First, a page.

Admissions season is upon us yet again, and as thousands of high school seniors try to decide where to attend college, many will turn to lists that rank universities according to which schools are “the best.”
And there’s a new kid on the block when it comes to the animal that is college rankings: the New York Times. It isn’t holding GW in the highest regard either.
But we shouldn’t waste time concerning ourselves with the tired U.S. News rankings or berate GW for its less-than-stellar position on the Times’ new list – and that’s because the biggest player isn’t even in the game yet.
This time next year, students may be turning to a new rating system created by the federal government. We hope that approach will provide prospective students with a more nuanced picture of our school than the Times or even U.S. News.
This month, the newspaper of record released its first-ever list of “the most economically diverse top colleges.” You may not be surprised to hear that, because the list was meant to reveal which schools make the greatest efforts to attract and accommodate lower-income students, GW placed in the bottom fifth of the schools evaluated.
The Times’ methodology has already faced criticism: Only a small portion of colleges – those with four-year graduation rates of 75 percent or higher – were studied, which means GW is competing against other highly selective institutions. And by examining just 99 schools, the survey represents less than 4 percent of all the undergraduates in the country.
That’s why it’s unlikely the Times’ system will vastly change the landscape of college rankings. Even the gold standard, U.S. News, has problems.
Neither list gives an accurate picture of the school many GW students believe they’re attending. Yes, GW has a high sticker price, but many students are able to come here because GW actually meets, on average, 87 percent of demonstrated financial need.
The Times also looked at endowment per student, which again puts GW at a disadvantage. The University’s endowment size, which is relatively small compared to peer schools, is a problem that cannot be fixed anytime soon without a real boost in donations and investment returns. But GW is certainly trying, kicking off its $1 billion fundraising campaign this year.
Meanwhile, U.S. News faults us, albeit slightly, for our many adjunct professors. At most schools, a high number of adjuncts represents an inability to hire and retain full-time professors with the highest degrees in their fields. But GW is proud of the fact that classes are taught by, for example, journalists and diplomats, and those selling points are the reasons many of us chose to come here.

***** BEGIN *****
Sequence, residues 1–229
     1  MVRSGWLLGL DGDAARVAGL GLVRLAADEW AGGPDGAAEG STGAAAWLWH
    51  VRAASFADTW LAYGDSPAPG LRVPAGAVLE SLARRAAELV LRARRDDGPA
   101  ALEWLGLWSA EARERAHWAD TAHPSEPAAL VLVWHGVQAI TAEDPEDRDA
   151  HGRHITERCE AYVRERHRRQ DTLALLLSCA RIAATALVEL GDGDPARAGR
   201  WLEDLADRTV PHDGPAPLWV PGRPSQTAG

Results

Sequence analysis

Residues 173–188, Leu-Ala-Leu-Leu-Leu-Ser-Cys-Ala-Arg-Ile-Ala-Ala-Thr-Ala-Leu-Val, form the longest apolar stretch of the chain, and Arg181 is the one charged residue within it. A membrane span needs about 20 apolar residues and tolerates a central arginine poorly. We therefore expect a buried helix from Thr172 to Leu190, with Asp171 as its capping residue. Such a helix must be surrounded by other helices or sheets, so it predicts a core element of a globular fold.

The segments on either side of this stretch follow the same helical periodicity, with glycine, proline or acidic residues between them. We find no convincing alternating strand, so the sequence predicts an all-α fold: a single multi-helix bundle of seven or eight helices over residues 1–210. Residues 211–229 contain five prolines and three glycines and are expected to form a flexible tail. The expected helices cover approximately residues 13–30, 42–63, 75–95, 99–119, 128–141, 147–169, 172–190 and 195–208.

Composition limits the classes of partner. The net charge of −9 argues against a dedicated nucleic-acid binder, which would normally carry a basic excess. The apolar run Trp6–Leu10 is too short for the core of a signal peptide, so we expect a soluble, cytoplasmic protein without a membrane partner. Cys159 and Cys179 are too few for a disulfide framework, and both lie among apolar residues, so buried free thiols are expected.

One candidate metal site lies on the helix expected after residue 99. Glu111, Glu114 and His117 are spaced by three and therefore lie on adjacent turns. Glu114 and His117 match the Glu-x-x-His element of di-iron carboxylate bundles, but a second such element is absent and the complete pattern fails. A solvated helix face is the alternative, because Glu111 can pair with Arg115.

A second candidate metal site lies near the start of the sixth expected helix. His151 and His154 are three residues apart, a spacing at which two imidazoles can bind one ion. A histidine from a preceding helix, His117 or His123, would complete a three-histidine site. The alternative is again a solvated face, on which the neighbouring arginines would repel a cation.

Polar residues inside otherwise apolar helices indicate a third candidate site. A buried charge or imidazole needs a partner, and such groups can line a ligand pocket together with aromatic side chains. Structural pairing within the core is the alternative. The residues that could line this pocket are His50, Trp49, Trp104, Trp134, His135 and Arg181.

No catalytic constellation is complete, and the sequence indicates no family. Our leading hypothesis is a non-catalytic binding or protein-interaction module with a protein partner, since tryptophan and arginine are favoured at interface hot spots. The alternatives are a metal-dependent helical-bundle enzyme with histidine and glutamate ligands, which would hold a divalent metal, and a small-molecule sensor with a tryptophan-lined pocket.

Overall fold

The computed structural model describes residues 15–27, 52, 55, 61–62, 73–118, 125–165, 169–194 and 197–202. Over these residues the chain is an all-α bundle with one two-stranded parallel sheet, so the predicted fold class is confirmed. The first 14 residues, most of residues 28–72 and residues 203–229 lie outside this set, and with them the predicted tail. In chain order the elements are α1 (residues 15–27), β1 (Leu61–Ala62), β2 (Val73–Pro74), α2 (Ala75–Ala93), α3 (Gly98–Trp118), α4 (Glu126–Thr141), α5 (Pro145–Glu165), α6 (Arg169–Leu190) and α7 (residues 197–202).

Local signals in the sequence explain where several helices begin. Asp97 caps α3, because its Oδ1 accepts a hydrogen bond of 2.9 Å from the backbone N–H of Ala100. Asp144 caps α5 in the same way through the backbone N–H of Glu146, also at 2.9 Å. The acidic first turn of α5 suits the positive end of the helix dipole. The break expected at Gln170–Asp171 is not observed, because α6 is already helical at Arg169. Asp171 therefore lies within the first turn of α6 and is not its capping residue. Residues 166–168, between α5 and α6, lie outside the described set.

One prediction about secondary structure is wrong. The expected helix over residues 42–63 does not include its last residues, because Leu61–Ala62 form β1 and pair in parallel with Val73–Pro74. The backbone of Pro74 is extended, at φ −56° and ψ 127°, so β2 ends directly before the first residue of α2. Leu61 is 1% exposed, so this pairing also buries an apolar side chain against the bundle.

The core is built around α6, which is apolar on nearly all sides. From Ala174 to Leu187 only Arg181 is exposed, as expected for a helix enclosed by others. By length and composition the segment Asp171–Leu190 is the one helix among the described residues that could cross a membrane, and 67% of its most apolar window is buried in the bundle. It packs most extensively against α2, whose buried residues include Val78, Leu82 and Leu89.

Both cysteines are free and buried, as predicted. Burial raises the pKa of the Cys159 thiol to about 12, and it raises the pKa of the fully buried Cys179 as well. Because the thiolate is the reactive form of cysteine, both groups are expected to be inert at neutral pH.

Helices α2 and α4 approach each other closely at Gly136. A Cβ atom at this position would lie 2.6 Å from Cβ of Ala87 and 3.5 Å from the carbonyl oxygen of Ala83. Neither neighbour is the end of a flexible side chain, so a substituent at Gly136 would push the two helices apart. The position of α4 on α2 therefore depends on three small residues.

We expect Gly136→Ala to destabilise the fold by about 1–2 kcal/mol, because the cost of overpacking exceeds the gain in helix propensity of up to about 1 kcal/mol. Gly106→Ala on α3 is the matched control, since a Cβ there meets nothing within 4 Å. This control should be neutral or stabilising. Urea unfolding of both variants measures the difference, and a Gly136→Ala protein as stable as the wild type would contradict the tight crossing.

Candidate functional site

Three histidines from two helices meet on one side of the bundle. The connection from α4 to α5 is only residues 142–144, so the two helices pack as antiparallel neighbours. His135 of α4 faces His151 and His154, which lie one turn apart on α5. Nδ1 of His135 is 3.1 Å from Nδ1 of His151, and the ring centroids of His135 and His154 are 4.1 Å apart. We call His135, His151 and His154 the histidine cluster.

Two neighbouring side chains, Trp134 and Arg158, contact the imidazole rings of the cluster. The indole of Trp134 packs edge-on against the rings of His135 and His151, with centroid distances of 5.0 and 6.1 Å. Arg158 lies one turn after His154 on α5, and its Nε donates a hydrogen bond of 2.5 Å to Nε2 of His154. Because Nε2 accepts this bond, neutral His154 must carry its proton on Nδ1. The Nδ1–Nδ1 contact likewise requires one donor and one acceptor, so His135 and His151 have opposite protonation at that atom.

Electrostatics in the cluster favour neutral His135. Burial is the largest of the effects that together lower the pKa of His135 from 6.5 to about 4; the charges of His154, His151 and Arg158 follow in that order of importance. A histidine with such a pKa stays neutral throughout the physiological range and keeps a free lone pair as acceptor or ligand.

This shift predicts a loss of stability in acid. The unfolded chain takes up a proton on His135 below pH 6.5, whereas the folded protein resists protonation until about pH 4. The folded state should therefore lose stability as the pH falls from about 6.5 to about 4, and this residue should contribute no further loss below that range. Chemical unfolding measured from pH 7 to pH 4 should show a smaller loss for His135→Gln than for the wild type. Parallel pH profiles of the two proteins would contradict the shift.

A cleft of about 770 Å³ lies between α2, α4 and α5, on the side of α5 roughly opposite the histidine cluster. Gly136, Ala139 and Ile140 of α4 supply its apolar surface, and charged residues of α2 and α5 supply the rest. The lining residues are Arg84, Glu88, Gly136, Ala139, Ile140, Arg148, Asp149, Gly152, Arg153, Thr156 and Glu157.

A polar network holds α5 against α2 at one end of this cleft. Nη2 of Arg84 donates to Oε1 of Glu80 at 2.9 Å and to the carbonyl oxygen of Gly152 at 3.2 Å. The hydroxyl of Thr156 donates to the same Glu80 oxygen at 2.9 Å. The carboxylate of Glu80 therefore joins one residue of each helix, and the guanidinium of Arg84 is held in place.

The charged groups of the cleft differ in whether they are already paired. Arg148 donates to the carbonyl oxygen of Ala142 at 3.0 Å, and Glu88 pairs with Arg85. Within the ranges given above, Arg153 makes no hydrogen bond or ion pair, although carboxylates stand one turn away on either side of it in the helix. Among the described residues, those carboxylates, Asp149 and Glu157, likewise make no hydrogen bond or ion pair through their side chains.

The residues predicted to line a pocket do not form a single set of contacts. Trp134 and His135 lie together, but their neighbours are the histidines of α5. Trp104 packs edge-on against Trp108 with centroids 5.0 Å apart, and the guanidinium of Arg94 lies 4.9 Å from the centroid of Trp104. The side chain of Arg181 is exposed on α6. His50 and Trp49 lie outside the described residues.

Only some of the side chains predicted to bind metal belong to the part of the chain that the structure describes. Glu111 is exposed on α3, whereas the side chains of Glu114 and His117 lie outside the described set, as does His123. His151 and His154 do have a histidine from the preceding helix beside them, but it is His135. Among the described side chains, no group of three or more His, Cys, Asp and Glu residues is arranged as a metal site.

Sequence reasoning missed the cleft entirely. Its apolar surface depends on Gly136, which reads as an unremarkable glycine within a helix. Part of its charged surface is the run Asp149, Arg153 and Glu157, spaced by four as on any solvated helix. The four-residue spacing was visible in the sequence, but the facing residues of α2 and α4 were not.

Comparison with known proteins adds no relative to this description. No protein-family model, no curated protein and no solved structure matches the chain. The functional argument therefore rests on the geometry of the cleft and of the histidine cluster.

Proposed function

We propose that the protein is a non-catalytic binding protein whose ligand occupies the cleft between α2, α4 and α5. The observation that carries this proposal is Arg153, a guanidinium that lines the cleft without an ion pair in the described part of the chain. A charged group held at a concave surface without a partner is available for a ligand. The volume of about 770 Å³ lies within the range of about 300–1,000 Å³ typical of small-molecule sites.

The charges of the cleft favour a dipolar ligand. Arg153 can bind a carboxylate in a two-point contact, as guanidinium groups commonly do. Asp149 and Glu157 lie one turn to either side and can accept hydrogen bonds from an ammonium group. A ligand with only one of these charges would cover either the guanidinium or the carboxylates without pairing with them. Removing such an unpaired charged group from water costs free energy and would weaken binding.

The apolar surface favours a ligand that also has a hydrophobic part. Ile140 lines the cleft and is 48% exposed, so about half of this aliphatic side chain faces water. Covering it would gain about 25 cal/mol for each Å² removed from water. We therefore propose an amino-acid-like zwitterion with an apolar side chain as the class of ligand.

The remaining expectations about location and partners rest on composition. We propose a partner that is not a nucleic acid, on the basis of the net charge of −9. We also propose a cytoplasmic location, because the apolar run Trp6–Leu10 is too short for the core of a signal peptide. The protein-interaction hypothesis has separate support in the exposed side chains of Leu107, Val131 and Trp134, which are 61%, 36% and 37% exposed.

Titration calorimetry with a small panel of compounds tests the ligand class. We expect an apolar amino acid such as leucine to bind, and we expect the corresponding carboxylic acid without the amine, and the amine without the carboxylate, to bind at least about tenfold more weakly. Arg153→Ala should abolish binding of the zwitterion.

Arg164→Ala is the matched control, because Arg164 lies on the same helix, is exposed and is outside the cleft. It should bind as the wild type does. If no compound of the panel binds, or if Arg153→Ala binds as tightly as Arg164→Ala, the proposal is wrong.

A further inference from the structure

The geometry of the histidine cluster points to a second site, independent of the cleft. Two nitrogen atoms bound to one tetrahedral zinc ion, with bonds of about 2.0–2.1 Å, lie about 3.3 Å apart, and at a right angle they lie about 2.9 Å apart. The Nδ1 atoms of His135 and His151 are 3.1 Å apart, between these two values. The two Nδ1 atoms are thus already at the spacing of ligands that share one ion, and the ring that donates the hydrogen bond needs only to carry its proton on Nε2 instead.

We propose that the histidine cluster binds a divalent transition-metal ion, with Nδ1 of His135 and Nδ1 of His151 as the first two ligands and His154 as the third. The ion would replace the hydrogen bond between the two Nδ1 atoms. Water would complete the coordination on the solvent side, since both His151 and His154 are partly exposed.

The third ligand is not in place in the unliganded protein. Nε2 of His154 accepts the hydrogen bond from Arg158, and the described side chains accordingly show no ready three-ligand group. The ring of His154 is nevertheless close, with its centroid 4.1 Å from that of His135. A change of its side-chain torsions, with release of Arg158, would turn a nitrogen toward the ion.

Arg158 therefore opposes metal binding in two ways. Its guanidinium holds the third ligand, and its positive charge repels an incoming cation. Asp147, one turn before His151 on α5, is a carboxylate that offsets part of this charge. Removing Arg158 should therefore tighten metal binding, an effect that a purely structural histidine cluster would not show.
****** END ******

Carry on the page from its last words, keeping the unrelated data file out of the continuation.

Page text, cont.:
And because GW puts money toward construction projects and student services, U.S. News docks us for not spending as much on academics as other institutions. While GW is proud of all these characteristics, and markets itself accordingly, U.S. News simply does not value them in the same way.
We want a system that won’t sell GW short. As is, there doesn’t seem to be a commercial ranking system that can fully capture the University.
The shortcomings of commercial lists have prompted the White House to work on its own rating system as part of President Barack Obama’s focus on making college more affordable. That system, expected to be in place by the start of the 2015-16 academic year, will evaluate colleges based on factors like access for economically diverse students, affordability and graduation rates.
The Obama administration expects it to act as a foil to lists like U.S. News, which bases more than 12 percent of its ranking for a school on what it calls “student selectivity,” a measure that factors in admissions test scores, the rankings of students at their high schools as well as a university’s acceptance rate.
Although the public knows few details about the federal approach so far, we’re hoping by creating a new rating system from scratch, the White House will be able to avoid some of the problems that U.S. News and the Times have encountered in their mission to evaluate schools – or at the very least, in evaluating GW.
If GW wants applicants to have a resource that provides the most comprehensive information about the University, it should look to this upcoming system as its best bet.
If nothing else, here’s to hoping it wipes away the bad memories of U.S. News.
The editorial board is composed of Hatchet staff members and operates separately from the newsroom. This week’s piece was written by opinions editor Robin Jones Kerr and contributing opinions editor Sarah Blugis, based on discussions with managing director Justin Peligri, culture editor Emily Holland, sports editor Sean Hurd, copy editor Rachel Smilan-Goldstein and design editor Sophie McTear.